141 posts • joined Monday 2nd August 2010 00:22 GMT
Re: Competing with themselves
Neither. Pro version licenses come with "downgrade" rights. Have done since XP(?). You have to sort out media and drivers and (possibly, I've never had to myself) call MS for a working license key. Fortunately, vendors who want to sell their kit into a business environment generally ship it with a suitable disc image to load.
So, MS make the same regardless of what OS you install and you can relax.
I'd be interested to see what proportion of those licenses "sold" have downgrade rights. My experience is that a large propportion of those are exercised.
For the benefit of the under 15s out there
The OP's quote is from Ghandi.
The English should remember him - skinny bloke, caused some trouble in that empire thing you used to have.
Americans should probably look him up 'cause he fits well with your political rhetoric if not the reality. Both might want to reflect on his words,
Re: F*&^ knows what they'd have done with my chemistry teacher
" The timid small piece of sodium didn't turn affect the litmus paper - so a larger lump was used. Much fizzing and sparks followed by a loud bang - and the classroom echoed with boyish cheers."
My chem teacher demonstrated the sodium-water reaction in front of us on an overhead projector so we could all see. He'd have had us doing it in pairs (the usual arrangement, I presume so that there was some to help the vicitim) but the school couldn't afford it. The small piece of rather elderly sodium failed to impress so he fished it out, scraped the oxidisation and wax off with his thumb nail and tossed it back in. MUCH more impressive.
Supposedly they watch videos now. We seem to be turning into a society that watches things rather than doing them. Like porn and cooking...
Re: Bloody ridiculous
My high school chem teacher* taught us how to make black powder, gun cotton and touch powder after we ran out of curriculum two months short of running out out of term. The last on the basis that some of us would probably try anyway and it was safer if it was him who showed us rather than we tried to figure it out from a dodgey recipe. I still remember his advice on the subject: never make more than a teaspoon at a time because that way you'll still have one good hand to dial the hospital (say it deadpan in a Dutch accent for best effect). The experimental application was the destruction of flies on the window sill...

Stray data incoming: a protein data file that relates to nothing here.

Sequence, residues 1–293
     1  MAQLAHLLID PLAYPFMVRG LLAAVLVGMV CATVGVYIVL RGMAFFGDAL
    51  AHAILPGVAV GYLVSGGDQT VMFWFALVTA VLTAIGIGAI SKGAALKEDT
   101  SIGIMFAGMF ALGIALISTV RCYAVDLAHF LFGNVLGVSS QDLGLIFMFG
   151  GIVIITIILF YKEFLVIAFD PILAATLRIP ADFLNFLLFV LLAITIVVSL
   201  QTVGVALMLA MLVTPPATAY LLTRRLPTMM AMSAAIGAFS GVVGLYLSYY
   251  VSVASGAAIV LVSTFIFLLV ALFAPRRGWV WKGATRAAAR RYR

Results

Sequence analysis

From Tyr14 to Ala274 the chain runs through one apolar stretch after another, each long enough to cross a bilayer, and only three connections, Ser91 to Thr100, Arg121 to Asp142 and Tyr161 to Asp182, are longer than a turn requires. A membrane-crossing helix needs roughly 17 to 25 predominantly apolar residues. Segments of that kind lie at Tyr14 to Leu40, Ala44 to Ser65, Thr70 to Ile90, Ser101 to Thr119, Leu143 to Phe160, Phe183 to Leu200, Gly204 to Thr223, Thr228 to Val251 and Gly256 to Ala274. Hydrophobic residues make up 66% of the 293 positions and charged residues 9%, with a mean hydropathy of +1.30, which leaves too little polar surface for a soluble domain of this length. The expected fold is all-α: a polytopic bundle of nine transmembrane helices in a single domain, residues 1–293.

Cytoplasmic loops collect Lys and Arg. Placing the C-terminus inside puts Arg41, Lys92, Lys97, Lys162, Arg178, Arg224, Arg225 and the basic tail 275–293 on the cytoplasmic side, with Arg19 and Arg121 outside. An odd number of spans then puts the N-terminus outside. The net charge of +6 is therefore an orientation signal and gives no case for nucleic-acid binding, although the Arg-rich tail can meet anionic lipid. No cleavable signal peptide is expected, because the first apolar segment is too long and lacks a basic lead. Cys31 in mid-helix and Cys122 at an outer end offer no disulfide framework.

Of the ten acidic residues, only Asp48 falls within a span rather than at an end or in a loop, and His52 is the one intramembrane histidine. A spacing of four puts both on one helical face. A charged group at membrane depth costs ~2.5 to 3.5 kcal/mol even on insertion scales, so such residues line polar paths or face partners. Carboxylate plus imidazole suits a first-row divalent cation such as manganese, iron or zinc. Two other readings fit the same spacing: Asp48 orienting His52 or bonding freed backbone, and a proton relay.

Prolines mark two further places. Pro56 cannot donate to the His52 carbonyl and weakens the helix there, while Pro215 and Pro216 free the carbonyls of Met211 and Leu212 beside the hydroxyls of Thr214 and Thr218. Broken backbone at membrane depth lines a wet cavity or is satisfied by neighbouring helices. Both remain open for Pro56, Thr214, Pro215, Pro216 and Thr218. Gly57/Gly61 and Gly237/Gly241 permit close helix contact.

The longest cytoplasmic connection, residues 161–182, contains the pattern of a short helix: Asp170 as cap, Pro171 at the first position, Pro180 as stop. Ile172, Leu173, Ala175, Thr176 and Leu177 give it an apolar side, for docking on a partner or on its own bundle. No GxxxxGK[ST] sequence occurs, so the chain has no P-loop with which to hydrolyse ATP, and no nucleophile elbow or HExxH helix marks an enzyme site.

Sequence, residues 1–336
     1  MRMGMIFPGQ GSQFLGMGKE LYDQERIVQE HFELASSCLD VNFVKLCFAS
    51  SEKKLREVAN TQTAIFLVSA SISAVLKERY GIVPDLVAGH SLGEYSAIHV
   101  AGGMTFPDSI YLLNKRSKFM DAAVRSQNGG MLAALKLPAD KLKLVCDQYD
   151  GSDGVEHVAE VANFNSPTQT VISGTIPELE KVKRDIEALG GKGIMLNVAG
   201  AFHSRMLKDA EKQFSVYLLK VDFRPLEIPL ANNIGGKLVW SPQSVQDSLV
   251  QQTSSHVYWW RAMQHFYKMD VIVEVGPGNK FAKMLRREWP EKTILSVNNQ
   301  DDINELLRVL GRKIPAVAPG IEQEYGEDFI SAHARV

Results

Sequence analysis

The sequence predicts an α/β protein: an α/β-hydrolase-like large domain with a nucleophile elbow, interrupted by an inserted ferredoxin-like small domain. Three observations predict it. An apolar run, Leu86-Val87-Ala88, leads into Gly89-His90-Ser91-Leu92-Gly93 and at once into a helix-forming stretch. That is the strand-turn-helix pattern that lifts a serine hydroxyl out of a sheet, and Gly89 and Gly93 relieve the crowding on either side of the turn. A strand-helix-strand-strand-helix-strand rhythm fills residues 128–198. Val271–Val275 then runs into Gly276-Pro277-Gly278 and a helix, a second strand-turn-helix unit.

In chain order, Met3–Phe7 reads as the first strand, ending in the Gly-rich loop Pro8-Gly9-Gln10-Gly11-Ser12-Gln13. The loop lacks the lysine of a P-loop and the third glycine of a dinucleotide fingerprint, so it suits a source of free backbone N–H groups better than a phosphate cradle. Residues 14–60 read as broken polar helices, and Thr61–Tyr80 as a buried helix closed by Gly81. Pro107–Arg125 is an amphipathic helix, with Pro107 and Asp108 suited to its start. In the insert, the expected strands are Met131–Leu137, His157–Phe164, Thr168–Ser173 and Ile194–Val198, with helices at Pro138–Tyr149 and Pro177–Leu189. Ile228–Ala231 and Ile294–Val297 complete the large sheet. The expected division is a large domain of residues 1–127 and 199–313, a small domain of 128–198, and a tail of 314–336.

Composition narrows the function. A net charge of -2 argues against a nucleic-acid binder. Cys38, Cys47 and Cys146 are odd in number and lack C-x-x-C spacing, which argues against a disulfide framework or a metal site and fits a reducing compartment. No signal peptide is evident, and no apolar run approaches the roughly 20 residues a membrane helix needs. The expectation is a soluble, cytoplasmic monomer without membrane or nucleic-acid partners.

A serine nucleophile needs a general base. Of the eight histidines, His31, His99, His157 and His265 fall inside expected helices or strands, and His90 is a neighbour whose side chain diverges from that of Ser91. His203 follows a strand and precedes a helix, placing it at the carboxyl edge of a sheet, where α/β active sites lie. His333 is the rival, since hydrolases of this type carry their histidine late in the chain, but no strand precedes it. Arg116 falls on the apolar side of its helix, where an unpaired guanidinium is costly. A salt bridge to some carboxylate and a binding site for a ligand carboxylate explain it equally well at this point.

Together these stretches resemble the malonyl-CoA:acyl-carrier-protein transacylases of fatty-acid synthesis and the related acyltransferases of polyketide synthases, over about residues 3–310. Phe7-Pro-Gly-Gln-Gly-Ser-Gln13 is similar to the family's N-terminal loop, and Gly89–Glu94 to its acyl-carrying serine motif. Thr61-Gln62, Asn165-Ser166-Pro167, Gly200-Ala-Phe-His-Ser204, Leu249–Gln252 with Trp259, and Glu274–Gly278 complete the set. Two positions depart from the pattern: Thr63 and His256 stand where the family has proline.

We put his gunpowder recipe to good use making skyrockets but quickly discovered that Goex was both more powerful and more reliable.
The other uses we put his lessons to I won't go into to in order to protect the extremely guilty (but laughing like maniacs) but here's a hint: sulfuric acid and a cafe sugar dispenser...
In those days we used to buy our ingredients over the counter at a local chemical wholesaler. The only request that even raised an eyebrow was for half a litre of fuming nitric acid. Those were the days...
* A charming but crazy Dutchman
Re: Godwin's law invoked
Is there a corresponding law that predicts some muppet screaming "Godwin's Law"? If not I propose there should be.
Re: Dangerous thinking ..
"They could take their ire out on companies that operate in the US, but they cannot compel a US company to make a foreign company break the laws of another country where they are operating."
Don't be naive - they can and they have. Just ask a Canadian bank or the government of a Caribbean island..
Re: 'helluva' lotta rubbish!
Genius colorpage!? In normal operation, they were lucky to make it out of warranty before failing. If any of those are still working then they aren't being used so the owner won't notice that it isn't plugged in.
Re: Oh God
I'm stating to fear the same thing. My only hope is that the current scheme is sufficiently advanced and the enough contracts signed that this whole alternative scheme is, like the "stop the boats" rhetoric,a pose to differentiate them from the incumbent muppets.
Sometimes I despair at the quality of government we get.